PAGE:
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HDTV Tuner

Last response: in Graphics & Displays
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September 11, 2007 4:40:21 AM

I'm just trying to figure out what an HDTV tuner is capable of; is it:

a) a TV tuner capable of recieving HDTV signals from your HDTV box (shaw reciever...).

b) a device capable of recieving HDTV channels straight from the digital cable connection into your house, thus meaning this replaces the reciever box (so none needs to be purchased).

Anyone using an HDTV tuner let me know which it is for sure and which brands / models you'd recommend for XP media center and Vista.

Jo

More about : hdtv tuner

September 29, 2007 8:32:40 PM

I was actually curious about letter b as well.

My tv tuner card can pick up the schedule for the shows that the cable company claims I need their converter for, but it won't display any pictures, just fuzz.
September 29, 2007 9:35:34 PM

May not be exactly what your looking for but the DVICO makes pretty solid tuners. I use the DVICO Fusion 5 USB and its awesome. Especially on XP... Vista support is getting better. But it does have a QAM tuner so you can pick up your local HD unencrypted channels.

But the DVICO is probably the best HD tuner I've owned. I would like to get a CABLEcard but its only available on prebuilt systems at the moment.
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September 30, 2007 12:03:23 AM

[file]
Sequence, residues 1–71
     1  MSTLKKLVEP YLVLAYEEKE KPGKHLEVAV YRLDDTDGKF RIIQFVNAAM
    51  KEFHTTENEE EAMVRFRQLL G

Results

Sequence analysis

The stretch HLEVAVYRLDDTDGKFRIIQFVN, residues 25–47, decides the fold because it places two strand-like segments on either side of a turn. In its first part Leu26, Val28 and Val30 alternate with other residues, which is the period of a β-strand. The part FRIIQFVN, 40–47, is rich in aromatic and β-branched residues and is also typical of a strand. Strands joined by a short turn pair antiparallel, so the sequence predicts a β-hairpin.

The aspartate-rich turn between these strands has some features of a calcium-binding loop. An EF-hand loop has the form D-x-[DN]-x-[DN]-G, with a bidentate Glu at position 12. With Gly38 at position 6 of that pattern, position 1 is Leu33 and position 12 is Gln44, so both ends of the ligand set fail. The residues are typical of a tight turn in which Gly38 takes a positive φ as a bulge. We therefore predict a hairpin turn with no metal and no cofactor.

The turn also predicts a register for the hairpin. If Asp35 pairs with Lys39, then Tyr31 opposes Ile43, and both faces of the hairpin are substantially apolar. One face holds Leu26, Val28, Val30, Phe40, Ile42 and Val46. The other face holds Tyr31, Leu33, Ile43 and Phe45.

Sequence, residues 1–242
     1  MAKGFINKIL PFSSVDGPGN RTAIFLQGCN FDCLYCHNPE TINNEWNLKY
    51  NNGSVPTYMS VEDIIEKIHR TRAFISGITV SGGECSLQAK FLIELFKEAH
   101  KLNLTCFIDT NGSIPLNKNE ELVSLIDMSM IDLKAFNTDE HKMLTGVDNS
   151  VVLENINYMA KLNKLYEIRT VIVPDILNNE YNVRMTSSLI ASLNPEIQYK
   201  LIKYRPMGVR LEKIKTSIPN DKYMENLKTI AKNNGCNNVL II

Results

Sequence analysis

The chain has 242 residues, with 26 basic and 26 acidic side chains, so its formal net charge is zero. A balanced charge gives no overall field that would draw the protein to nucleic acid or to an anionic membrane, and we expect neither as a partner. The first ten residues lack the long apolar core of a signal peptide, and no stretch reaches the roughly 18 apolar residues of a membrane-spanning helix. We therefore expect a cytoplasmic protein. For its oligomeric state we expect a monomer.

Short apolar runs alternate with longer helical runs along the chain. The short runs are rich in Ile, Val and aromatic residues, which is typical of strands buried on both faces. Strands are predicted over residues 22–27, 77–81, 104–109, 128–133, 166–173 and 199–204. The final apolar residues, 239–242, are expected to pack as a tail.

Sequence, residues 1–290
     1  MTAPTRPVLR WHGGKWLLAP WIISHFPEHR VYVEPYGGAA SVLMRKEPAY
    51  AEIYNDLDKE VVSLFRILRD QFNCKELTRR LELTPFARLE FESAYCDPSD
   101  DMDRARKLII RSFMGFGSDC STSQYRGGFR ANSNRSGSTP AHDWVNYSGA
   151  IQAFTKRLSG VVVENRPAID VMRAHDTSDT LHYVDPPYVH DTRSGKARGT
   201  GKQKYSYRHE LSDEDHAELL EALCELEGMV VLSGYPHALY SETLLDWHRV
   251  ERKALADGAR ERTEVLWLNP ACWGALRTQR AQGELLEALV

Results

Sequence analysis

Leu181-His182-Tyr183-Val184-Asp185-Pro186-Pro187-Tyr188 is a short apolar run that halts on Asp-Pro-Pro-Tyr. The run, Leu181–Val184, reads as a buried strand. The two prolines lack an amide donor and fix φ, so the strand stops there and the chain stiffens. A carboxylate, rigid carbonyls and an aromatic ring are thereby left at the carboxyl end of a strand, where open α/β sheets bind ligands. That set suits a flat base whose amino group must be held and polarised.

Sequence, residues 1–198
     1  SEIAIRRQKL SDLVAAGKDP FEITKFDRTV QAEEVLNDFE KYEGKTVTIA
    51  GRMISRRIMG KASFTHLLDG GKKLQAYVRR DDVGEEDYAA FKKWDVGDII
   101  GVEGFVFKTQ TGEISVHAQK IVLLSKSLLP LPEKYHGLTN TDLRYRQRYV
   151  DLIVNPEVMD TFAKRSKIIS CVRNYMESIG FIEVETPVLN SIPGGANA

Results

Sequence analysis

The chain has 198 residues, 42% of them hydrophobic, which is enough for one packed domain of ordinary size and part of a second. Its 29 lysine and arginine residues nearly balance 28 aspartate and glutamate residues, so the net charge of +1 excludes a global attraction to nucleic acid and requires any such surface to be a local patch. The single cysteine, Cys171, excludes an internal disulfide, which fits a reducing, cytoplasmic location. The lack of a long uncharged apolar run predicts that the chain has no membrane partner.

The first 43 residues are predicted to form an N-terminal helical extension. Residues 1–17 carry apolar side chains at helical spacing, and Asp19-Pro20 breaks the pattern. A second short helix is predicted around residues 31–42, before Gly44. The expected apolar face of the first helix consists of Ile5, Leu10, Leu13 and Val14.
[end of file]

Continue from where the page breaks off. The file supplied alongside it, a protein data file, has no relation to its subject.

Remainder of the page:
I guess that's the key - encryption. pchoi04 mentioning unencrypted channels made me think "There are unencrypted HD channels?" but I guess that's just it - if there are some in your area you can pick them up but to protect their interests the cable/satellite providers encrypt them (analogous to scrambling of analog signals). waylon77 is picking up the schedule as it is probably unencrypted but the channels are so no dice there. Any way of finding out which HD channels are available in which area?

Jo
September 30, 2007 12:31:10 AM

In the US you can pick up HD channles 'over the air' (OTA), in other words by a traditional antenna (rabbit ears). The network affiliates such as Fox, NBC, ABC, CBS are all broadcasting high quality HD signals from their antennas and have been for several years now. You get the antenna (cheap, sits on your desk), hook it up to the HDTV card in your PC and the card will do the necessary work to tune in and display the signal on your PC or esle to an HDTV. As long as you are reasonably close to the source and the antenna is more or less unobstructed you can watch perfect HDTV from the networks in this way.